Buried down one of the many alleys that make up the back streets of Insadong is a quaint little tea house that appears almost forgotten. Its exterior is not particularly impressive, nor does it do much to advertise itself; it’s not until you are standing in front of the entrance that you notice the small wooden sign that reads “신옛찻집” – Shin Old Tea House.
I pull the door open and a bell alerts the shop owner that two customers have arrived. The sweet ajumma smiles at us, her only guests on this chilly afternoon, and invites us to take off our shoes. We leave them on the concrete ground and step up unto the creaky wooden floors.
Inside it is a warm repose from Seoul’s wintry streets.
We plop ourselves down on bright silk pillows in front of a rustic table that sits just a few inches off the ground. My eyes wander in all directions: colourful tapestries, ceramic teapots, a goldfish swimming in a tank, a large wooden chest, hanging lamps, beaded space dividers, a quirky frog sculpture, and more pillows and more knick-knacks.
Between the dim lighting and the heated floors, it’s difficult not to sink back into the cozy space.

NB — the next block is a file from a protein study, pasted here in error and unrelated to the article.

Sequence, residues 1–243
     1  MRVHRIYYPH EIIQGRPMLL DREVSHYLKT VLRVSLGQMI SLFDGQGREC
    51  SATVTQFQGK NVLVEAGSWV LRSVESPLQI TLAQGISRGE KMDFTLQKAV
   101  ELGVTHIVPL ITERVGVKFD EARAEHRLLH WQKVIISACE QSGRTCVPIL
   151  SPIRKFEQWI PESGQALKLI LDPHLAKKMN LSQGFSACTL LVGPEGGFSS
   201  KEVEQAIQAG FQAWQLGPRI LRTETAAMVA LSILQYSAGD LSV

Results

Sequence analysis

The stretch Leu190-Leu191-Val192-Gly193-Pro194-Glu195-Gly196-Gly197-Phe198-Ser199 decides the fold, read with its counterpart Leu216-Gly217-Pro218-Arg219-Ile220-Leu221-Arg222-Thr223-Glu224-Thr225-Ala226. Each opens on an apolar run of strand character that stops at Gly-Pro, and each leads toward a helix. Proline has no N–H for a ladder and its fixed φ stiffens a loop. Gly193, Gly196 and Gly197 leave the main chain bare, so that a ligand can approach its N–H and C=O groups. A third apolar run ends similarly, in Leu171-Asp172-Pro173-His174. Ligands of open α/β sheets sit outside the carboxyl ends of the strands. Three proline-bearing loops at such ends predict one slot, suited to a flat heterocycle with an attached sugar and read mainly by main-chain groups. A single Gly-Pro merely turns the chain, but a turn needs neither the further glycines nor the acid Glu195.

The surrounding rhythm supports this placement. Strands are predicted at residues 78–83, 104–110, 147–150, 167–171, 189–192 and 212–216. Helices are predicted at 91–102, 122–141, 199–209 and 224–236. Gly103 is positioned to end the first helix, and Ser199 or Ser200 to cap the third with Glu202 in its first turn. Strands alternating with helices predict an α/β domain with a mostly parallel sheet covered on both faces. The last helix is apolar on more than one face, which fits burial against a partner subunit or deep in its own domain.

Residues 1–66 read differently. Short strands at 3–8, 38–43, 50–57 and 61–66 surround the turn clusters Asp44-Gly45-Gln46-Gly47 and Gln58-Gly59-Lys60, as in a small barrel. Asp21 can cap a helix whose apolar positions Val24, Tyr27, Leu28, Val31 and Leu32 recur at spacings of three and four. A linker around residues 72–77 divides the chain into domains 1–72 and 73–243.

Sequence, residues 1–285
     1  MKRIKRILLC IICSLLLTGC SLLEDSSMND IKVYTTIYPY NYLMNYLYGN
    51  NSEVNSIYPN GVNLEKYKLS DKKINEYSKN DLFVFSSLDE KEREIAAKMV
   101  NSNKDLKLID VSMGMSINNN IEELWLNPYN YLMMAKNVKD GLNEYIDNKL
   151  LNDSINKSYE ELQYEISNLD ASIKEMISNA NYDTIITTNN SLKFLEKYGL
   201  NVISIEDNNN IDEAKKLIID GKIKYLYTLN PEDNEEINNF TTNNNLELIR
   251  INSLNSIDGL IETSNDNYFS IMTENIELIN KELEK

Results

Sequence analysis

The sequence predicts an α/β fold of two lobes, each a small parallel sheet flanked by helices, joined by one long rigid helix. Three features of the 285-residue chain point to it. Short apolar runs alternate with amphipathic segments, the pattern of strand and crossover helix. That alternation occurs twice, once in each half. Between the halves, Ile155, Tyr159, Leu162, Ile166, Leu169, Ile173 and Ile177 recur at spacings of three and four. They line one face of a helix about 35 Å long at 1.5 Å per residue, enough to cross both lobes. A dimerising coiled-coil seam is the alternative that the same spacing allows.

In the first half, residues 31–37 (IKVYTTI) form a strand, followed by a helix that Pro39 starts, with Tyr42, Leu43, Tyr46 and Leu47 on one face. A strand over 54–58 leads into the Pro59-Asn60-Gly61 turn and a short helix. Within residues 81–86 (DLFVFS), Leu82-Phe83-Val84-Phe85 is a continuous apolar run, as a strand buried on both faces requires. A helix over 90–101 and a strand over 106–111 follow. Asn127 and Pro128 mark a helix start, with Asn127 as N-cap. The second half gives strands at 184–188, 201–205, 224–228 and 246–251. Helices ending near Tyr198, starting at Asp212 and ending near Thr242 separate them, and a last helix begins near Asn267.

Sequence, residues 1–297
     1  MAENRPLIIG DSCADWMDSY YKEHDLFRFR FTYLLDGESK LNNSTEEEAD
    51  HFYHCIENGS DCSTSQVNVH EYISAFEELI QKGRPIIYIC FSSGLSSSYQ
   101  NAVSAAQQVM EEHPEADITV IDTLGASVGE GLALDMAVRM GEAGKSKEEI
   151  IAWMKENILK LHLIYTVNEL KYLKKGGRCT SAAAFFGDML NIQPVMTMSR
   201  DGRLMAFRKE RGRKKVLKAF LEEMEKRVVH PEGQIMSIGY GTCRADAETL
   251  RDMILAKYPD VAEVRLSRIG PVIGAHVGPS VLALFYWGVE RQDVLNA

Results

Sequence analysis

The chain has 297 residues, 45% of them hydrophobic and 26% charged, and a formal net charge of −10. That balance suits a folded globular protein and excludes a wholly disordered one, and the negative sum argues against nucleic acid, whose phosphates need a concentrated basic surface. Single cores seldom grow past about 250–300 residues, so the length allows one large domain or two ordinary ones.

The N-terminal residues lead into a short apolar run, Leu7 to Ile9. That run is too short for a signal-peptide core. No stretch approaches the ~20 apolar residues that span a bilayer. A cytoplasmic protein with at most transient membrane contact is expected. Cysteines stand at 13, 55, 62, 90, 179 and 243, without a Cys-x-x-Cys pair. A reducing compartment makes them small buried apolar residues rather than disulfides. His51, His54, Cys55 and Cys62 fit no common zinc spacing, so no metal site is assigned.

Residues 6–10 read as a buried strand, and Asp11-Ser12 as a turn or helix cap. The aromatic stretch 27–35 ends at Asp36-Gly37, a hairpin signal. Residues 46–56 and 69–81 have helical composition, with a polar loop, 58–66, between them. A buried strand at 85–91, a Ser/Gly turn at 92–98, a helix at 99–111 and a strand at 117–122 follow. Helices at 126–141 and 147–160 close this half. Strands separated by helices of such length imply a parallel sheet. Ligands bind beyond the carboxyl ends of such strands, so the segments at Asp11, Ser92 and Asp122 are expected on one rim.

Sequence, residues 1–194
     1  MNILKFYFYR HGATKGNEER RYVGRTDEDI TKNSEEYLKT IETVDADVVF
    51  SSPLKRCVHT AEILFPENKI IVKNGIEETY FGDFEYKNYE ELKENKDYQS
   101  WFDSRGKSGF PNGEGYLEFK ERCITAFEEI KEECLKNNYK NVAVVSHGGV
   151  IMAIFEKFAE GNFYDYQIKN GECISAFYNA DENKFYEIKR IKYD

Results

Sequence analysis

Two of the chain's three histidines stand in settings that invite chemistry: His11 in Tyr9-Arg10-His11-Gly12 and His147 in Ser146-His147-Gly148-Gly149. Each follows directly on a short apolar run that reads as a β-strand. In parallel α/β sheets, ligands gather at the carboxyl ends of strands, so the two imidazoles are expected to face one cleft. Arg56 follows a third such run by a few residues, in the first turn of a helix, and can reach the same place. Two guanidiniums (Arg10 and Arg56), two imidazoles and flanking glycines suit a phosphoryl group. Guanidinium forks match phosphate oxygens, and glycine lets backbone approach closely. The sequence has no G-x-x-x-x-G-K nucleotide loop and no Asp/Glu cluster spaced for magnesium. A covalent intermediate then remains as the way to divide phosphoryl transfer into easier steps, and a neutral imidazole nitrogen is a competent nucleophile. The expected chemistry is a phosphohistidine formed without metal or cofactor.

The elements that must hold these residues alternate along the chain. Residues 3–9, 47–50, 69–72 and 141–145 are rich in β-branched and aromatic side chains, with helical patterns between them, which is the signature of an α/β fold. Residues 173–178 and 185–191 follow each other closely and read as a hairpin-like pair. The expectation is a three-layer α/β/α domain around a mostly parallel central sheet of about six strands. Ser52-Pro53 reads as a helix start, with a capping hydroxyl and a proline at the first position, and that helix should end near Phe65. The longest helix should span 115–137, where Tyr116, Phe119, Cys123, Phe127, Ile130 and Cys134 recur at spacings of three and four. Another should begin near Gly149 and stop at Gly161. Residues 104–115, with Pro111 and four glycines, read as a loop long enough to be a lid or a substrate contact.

While I’m still gazing at my surroundings and making mental notes of wallpaper designs and pillow patterns, the ajumma returns with a menu.
Ice teas and hot teas, citrous and sweet – each item listed sounds more enticing than the next.
I order the plum tea off the menu, and Sam opts for the ginger tea.
Our sweet beverages are accompanied by sticky rice cakes and puffed rice. I haven’t enjoyed a single rice cake I’ve tried over the course of my year in Korea, but somehow paired with my sweet plum tea the combination is just right.
The ambiance is so serene that I find myself whispering and trying to laugh quietly even though no one is listening to us and there is no one to disrupt.
This is our second last weekend in Seoul and it feels nice to be doing something traditional yet low-key. Sipping on our teas we reminisce about the past few months together, while plotting the adventures that await us in Malaysia in just a week’s time. This little tea house is the perfect place to end our time in Korea.
Just a street away Insadong’s main strip is buzzing with activity, but seated in this cozy little tea house I feel like I am miles away.
Sometimes a neighbourhood’s best kept secret lies not too far off the trodden path.